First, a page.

Activation of dopaminergic (DA) transmission by psychostimulants increases c-fos expression. d-Amphetamine-induced c-fos activation is reduced in the neostriatum deprived of DA afferents. Dopaminergic grafts implanted into the denervated neostriatum induce a c-fos hyperexpression when challenged with d-amphetamine, which is correlated with the exaggerated compensation of d-amphetamine-induced rotation. The aim of the present study was to test the generality of this phenomenon and the effects of DA grafts on the expression of three immediate early gene-coded proteins (c-Fos, Jun-B, Krox-24) following a challenge with either d-amphetamine or cocaine. c-fos basal expression was low in the neostriatum and was increased by the administration of psychostimulants. These effects were blocked by the DA lesion and restored by the DA grafts. A c-fos hyperexpression was observed within the grafted neostriatum, which was correlated with the compensation of d-amphetamine- or cocaine-induced rotation. Basal levels of Jun-B- and Krox-24-LI nuclei were high within the neostriatum. Administration of d-amphetamine or cocaine did not influence the expression of these IEG-coded proteins. Jun-B expression was not affected by the surgical procedure. In contrast, lesion of DA afferents of neostriatum decreased Krox-24 basal expression, an effect reversed by the grafts. Thus, the expression of c-fos but not Jun-B or Krox-24 appeared to be a good marker for the rotational behavior exhibited by DA-grafted rats challenged with drugs that increased DA transmission. This generalized c-fos overshoot indicates an abnormal activation of postsynaptic neurons by dopamine and points to its value as an indicator of the deleterious effects of DA grafts.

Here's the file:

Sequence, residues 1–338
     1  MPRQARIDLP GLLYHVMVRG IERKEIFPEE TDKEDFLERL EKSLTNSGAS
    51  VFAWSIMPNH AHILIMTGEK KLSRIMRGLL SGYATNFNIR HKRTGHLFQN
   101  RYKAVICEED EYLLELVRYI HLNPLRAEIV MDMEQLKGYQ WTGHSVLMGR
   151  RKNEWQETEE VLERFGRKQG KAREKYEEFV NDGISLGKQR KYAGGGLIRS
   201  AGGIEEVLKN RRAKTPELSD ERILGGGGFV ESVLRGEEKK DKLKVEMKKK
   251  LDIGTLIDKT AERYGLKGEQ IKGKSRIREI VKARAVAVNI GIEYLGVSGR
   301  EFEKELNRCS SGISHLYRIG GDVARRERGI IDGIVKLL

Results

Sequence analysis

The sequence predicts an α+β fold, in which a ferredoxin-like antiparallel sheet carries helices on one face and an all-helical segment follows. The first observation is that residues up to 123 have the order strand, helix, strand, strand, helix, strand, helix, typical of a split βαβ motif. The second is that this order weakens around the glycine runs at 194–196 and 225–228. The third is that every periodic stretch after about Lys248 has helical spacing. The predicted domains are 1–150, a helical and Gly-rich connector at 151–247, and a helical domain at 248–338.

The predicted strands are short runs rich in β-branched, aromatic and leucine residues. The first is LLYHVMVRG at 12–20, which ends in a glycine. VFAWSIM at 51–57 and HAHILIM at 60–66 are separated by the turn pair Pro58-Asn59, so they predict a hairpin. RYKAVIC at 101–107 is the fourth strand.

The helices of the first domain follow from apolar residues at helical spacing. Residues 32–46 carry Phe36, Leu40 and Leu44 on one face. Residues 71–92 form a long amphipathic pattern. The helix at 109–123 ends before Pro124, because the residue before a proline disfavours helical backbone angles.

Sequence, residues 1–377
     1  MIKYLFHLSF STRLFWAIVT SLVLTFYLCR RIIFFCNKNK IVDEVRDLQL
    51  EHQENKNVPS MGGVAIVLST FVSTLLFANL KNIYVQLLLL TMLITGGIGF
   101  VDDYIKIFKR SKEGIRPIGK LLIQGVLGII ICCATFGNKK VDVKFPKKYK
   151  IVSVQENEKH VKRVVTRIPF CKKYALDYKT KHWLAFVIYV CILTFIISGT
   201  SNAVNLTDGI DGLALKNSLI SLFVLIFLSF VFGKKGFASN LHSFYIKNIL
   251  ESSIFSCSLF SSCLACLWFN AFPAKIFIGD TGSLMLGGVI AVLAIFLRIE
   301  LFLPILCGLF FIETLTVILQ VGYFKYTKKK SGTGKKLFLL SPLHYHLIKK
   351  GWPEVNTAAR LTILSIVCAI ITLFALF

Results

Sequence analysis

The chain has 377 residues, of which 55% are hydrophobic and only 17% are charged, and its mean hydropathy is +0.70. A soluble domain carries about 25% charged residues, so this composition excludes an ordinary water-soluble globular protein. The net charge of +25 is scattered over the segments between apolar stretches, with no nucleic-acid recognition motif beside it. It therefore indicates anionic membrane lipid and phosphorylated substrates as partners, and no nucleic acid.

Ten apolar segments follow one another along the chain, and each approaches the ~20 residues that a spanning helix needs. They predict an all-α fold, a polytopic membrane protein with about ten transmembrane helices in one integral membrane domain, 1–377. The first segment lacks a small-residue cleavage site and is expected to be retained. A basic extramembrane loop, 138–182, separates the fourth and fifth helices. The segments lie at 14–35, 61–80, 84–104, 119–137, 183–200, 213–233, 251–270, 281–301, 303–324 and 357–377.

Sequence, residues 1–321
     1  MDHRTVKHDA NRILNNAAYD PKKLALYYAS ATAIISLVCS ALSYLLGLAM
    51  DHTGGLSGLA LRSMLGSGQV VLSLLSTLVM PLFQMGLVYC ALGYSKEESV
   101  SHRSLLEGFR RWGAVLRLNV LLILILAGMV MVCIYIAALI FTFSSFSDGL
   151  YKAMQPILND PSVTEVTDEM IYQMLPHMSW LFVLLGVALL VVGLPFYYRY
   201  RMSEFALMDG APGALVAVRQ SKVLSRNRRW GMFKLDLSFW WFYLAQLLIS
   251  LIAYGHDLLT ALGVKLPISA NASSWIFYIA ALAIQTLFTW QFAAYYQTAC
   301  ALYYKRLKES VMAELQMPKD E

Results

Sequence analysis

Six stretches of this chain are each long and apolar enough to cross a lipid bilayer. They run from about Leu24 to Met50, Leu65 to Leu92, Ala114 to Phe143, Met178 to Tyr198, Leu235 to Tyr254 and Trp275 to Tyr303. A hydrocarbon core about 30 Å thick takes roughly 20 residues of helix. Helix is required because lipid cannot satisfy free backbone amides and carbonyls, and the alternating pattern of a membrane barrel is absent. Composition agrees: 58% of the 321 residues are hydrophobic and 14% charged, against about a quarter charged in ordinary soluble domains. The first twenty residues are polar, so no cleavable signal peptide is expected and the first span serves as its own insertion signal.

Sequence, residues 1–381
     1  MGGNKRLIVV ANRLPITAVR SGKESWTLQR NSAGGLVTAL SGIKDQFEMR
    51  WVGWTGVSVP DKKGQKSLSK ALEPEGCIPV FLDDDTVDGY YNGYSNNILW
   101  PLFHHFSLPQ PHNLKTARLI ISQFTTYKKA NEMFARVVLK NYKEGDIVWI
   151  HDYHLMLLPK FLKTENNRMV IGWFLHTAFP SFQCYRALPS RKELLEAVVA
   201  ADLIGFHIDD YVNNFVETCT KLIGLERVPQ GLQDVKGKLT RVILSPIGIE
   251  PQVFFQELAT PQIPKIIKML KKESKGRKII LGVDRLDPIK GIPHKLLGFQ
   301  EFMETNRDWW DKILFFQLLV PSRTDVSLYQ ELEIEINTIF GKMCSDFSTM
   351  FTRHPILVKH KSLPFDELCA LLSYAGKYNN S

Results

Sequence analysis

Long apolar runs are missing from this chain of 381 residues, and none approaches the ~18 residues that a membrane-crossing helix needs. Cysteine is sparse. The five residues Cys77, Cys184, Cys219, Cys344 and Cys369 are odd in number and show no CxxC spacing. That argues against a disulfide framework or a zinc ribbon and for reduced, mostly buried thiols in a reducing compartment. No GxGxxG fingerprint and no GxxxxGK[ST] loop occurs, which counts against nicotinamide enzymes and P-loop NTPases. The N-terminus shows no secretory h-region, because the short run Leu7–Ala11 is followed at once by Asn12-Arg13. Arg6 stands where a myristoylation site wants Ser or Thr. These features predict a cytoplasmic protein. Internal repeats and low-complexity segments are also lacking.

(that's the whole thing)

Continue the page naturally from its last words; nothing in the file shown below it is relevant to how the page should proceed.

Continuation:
Copyright 1999 Academic Press.